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Worms in Dogs

Canine worms can cause a variety of health problems in dogs. Here you’ll find a brief description of the most common types of worms in dogs, with links to in-depth articles on how these worms can infect your dog and what you can do to prevent and treat them.

Ringworm

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Despite its name, ringworm is not a worm at all. It is a skin infection caused by a fungus. In dogs, ringworm often presents as a dry, gray, scaly patch, although it may cause no symptoms at all. In people, it forms a round, red lesion with a ring-like appearance. Dogs pick up ringworm when their skin comes into contact with the spores of the fungus. People can catch it by touching an infected pet. Treatment for ringworm in dogs may involve medicated dips, shampoos, or ointments. Your dog may also need oral medication for one to two months. You may need to take other measures to clear ringworm from the environment or prevent its spread. Read the full article.

Roundworms

Usually spread in feces or during pregnancy or nursing, the roundworm causes a serious infection in dogs and puppies. The roundworm eats the food of its host and may cause diarrhea and other symptoms. In puppies, roundworms can be fatal. Prescription and over-the-counter deworming products for dogs are very effective. If people contract roundworms, their symptoms can be even more serious than those in dogs. Read the full article.

Hookworms

Living mainly in the small intestine, hookworms suck the blood of their hosts. Puppies can become infected from their mothers. Adult dogs can be infected through their skin or when cleaning themselves. Infection causes weakness and malnutrition and can lead to death in puppies. Two rounds of deworming medication are usually effective, but a puppy may need other treatment, as well.  Humans can also become infected with hookworms from unwashed vegetables or by walking barefoot on sand and soil. Read the full article.

Heartworms

Heartworms are spread to dogs through mosquito bites. Up to 14 inches long, a heartworm lives in the heart and the arteries that carry blood from the heart to the lungs. Heartworms affect how the heart functions and how blood clots and is likely to cause death if untreated. Monthly heartworm preventives are effective. If infected, your dog may cough, have trouble breathing, and experience other symptoms. Treatment may involve two or three injections of arsenic-based drugs, followed by at least a month of rest. Read the full article.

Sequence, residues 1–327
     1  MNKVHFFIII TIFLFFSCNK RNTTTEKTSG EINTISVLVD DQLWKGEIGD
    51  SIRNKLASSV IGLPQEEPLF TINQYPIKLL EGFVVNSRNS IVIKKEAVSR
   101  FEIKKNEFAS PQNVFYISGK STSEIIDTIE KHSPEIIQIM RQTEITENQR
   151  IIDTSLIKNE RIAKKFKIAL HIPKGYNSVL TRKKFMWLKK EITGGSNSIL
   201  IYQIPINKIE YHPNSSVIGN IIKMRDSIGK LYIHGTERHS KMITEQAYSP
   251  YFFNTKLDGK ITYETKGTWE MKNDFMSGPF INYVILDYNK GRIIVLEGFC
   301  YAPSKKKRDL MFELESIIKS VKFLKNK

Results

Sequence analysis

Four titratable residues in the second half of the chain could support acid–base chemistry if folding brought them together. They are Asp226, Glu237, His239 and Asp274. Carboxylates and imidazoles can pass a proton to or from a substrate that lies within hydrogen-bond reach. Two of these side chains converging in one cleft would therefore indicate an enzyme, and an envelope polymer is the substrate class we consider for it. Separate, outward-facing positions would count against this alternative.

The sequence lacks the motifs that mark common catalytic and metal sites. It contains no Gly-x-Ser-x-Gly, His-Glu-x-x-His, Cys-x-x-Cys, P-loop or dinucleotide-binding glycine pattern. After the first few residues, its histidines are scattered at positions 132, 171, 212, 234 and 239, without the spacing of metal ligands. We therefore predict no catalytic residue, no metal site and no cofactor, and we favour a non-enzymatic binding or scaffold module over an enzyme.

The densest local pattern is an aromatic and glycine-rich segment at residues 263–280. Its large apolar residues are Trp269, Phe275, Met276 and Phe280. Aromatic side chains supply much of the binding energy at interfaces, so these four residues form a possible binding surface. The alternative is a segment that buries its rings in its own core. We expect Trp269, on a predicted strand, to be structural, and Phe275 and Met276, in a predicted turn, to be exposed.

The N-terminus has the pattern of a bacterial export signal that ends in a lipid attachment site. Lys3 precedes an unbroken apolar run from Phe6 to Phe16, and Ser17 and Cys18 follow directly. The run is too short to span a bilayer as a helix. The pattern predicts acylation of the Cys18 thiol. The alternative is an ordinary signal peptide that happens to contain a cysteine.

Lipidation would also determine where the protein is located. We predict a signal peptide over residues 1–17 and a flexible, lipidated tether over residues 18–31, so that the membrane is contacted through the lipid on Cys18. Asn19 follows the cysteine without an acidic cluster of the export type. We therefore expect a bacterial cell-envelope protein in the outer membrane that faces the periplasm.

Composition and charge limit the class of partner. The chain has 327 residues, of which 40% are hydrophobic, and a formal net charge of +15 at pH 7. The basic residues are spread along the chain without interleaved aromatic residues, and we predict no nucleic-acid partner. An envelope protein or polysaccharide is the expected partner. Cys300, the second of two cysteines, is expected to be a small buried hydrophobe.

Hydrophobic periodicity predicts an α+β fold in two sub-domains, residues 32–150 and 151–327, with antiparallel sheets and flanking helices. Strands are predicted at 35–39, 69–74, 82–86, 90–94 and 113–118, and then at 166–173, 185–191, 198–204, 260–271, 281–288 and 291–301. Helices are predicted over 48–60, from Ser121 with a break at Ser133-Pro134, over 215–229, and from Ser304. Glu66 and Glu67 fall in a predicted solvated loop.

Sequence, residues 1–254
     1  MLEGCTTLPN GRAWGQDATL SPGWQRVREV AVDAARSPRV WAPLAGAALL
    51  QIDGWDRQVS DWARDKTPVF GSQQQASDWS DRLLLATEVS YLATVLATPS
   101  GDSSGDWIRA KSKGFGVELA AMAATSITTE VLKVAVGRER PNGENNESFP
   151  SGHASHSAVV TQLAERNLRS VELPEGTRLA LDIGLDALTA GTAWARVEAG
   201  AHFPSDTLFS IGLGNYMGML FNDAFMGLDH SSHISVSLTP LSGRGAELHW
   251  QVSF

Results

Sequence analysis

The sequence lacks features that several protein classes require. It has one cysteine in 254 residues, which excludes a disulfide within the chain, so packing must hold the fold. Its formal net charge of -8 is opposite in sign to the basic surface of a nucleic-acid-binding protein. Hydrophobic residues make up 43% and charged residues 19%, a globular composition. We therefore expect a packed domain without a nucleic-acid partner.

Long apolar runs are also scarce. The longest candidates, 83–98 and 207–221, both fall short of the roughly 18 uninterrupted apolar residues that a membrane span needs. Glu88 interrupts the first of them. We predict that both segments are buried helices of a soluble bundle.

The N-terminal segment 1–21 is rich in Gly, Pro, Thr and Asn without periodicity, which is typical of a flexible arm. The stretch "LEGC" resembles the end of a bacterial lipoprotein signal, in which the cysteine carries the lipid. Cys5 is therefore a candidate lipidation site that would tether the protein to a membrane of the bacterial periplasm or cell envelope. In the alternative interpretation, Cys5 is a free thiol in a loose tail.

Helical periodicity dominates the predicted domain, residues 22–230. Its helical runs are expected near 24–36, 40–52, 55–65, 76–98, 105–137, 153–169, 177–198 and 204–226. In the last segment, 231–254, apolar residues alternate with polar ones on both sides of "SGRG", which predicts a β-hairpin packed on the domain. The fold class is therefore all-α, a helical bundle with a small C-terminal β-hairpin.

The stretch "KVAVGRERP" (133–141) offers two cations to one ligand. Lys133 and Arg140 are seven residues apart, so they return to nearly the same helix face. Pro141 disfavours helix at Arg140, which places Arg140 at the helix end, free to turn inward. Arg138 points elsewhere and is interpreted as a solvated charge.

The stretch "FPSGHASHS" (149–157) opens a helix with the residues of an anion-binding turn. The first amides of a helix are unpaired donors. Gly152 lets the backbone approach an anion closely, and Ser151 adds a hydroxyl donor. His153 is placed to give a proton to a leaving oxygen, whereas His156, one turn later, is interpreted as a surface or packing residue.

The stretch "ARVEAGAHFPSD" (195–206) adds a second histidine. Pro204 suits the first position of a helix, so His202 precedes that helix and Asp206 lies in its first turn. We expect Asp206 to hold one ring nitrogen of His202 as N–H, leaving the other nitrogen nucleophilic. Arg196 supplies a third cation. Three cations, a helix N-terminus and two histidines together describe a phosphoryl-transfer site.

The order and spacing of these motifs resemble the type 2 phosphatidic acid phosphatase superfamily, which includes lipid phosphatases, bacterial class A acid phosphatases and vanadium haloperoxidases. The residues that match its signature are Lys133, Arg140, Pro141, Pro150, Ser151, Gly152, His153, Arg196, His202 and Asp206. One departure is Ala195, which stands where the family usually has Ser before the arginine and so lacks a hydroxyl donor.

Whipworms

Smaller than other canine worms, whipworms live in the area where the small and large intestines meet. Here, they suck the blood of their hosts. Dogs can pick them up from contaminated soil or by grooming. Whipworms do not cause serious blood loss or other serious symptoms unless large numbers embed in the intestine. Some heartworm preventives are effective against whipworms, and an oral dewormer is effective at eliminating whipworms. Read the full article.

Tapeworms

Dogs get tapeworms from licking themselves and swallowing fleas, which carry them. Tapeworms absorb some of the dog’s nutrients from the intestine, where they attach. The tapeworm is made up of small segments, each about the size of a grain of rice. These are passed in feces and can sometimes been seen around the dog’s anus. An injection or tablet can kill tapeworms. Humans can also get tapeworms. Read the full article.

WebMD Veterinary Reference

Reviewed by Elizabeth A. Martinez, DVM on July 18, 2012

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